Walking down Park Road last Monday on the way to the train station, I turned the corner at Titan House and almost got flattened by a cyclist.
I’ve noticed over a period of time that people on bicycles are regularly cycling on the pavements, completely ignoring red traffic lights at junctions and riding without lights.
At school I took my Cycling Proficiency test, as did everybody else and learnt to respect the Highway Code. Since when did that code say cyclists should use the pavements, putting pedestrians at risk?
Don’t get me wrong, I know that the majority of cyclists do ride safely and with due consideration to the public and other traffic, but dangerous cycling is becoming a growing trend. Back in the day they would have been firmly stopped from doing so by the police.
Which brings me to the main topic of this week’s column; policing our streets and looking after our neighbourhoods.
Last week the BBC broadcast a report which showed Cleveland police officers stretched to the limit as they tried to deal with a number of incidents across Hartlepool.
The report contained stark facts about the lack of police numbers on the ground and straight away hit a nerve throughout the country.
For the national press, who quickly picked the story up, Hartlepool became a lens through which underfunding of policing across England was focused.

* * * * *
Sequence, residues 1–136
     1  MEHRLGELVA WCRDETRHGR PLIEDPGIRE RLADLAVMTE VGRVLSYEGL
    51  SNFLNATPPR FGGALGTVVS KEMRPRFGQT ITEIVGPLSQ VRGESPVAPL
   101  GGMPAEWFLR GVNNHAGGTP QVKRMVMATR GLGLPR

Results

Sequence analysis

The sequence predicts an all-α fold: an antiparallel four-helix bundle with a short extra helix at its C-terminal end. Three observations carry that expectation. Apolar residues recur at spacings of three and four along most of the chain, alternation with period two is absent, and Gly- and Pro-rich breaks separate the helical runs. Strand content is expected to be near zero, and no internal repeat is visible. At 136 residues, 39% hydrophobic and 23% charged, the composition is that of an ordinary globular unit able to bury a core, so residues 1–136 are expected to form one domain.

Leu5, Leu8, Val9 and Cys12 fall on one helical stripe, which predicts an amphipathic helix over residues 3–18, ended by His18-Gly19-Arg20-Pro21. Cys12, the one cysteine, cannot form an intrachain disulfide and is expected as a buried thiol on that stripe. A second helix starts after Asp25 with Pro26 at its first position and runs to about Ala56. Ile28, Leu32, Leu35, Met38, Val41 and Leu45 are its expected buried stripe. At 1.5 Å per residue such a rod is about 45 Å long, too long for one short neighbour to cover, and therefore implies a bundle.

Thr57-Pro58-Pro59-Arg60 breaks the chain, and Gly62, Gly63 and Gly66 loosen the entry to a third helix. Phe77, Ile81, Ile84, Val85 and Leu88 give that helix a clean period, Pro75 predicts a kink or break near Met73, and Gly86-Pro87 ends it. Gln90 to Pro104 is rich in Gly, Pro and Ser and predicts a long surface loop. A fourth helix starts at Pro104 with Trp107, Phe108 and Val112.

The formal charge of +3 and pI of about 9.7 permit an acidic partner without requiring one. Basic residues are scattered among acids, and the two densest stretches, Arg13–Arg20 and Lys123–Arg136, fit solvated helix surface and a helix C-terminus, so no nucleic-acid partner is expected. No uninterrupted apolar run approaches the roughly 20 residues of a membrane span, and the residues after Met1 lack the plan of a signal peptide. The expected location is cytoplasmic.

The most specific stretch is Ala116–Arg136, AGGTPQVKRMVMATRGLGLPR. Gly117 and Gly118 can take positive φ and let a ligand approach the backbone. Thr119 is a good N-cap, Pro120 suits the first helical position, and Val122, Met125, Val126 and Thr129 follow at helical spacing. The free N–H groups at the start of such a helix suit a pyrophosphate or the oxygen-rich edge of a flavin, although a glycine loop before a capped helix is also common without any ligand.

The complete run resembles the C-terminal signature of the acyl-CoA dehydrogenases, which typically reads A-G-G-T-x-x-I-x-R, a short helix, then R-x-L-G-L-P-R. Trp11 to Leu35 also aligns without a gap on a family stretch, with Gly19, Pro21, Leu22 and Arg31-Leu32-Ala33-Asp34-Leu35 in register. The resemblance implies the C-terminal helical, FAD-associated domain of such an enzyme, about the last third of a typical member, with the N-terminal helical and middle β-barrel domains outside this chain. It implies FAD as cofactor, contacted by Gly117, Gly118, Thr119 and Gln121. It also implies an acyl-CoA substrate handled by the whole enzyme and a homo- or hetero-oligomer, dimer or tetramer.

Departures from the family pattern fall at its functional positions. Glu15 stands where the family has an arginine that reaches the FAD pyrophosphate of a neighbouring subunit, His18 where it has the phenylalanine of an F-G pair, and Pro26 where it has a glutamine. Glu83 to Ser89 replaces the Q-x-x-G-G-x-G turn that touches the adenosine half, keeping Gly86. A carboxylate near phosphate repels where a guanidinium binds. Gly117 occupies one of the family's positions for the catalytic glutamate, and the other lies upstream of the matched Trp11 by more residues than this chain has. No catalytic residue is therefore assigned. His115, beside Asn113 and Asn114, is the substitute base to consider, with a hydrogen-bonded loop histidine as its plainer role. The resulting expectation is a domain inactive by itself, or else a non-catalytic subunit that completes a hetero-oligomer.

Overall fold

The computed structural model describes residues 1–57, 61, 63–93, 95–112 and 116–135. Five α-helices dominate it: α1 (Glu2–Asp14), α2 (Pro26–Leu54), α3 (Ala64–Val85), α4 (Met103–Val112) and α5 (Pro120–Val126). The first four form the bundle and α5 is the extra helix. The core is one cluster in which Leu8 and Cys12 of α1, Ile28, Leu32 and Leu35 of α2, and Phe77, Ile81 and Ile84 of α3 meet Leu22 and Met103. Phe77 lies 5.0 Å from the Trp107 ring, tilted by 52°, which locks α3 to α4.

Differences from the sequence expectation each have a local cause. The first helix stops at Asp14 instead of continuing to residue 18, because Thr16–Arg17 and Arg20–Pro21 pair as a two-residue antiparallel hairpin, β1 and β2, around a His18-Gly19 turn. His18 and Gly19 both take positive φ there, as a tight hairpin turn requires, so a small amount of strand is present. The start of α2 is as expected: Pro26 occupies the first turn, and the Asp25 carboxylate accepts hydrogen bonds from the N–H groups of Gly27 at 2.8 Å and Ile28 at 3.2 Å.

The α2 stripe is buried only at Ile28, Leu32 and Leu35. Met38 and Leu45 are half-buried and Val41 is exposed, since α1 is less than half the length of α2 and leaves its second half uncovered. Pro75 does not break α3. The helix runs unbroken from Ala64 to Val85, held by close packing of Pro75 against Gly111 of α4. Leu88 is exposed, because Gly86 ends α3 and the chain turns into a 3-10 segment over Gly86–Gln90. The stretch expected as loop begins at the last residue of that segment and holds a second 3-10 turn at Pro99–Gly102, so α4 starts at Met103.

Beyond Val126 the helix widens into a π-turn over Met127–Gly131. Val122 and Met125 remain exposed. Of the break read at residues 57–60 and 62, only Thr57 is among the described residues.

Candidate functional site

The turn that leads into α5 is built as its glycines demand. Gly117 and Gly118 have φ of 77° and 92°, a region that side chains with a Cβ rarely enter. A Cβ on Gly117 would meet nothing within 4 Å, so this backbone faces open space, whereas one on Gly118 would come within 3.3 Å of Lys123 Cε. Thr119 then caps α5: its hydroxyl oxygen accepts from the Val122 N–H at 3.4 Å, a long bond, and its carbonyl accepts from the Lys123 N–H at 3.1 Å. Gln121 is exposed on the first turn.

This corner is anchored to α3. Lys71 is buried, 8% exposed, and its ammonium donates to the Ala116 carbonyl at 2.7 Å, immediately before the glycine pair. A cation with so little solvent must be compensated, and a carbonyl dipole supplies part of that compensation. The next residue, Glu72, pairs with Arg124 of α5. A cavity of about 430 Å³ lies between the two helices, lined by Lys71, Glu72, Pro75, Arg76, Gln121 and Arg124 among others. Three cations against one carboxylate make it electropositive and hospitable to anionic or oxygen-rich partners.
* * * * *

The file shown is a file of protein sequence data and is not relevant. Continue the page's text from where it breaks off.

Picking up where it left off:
We could have been any northern town for their purposes, struggling with ever increasing pressures with too few numbers, but of course, as usual, this was Hartlepool back in the news for all the wrong reasons.
Or was it? For once something in me says perhaps it was the right thing to do to let the nation know just how bad things have got here.
The film didn’t denigrate the town, our people or our hard working police officers and PCSOs; it didn’t even denigrate those who volunteer to walk the streets of Foggy Furze at night keeping an eye out for their neighbours.
On the contrary, it sparked a debate nationwide about police resources and the fact that the Government’s austerity agenda has seen the depletion of officer numbers up and down the UK. In Cleveland’s case that’s 500 officers in the last eight years and 50 PCSOs.
Unusually for a Chief Constable, Mike Veale from Cleveland Police has come out fighting.
He recognises the lack of Bobbies on the beat is a real issue and says, ‘It is absolutely right that local people expect safe streets and secure homes’.
He also says policing has become more much difficult; stretching resources even further through looking after children online and dealing with cyber crime but, as he also says, ‘These are complex issues and whilst simply crying austerity is not good enough, no one in policing today can claim it isn’t a factor’.
This week a woman was mugged whilst waiting for a bus by a cyclist.
Last week the Boys’ Brigade told me that a priority for them was safer streets; yes young people concerned for their safety and echoing the Hartlepool victim in the BBC film who had items stolen from his van.
Parliament’s Petitions Committee, of which I’m a member, has received a petition on the subject of van theft which has so far gathered 35,176 signatures – reflecting the fact that it’s a country wide issue.
I therefore support the plea to the Home Office made by the Chief Constable – give the police the tools and they will do the job.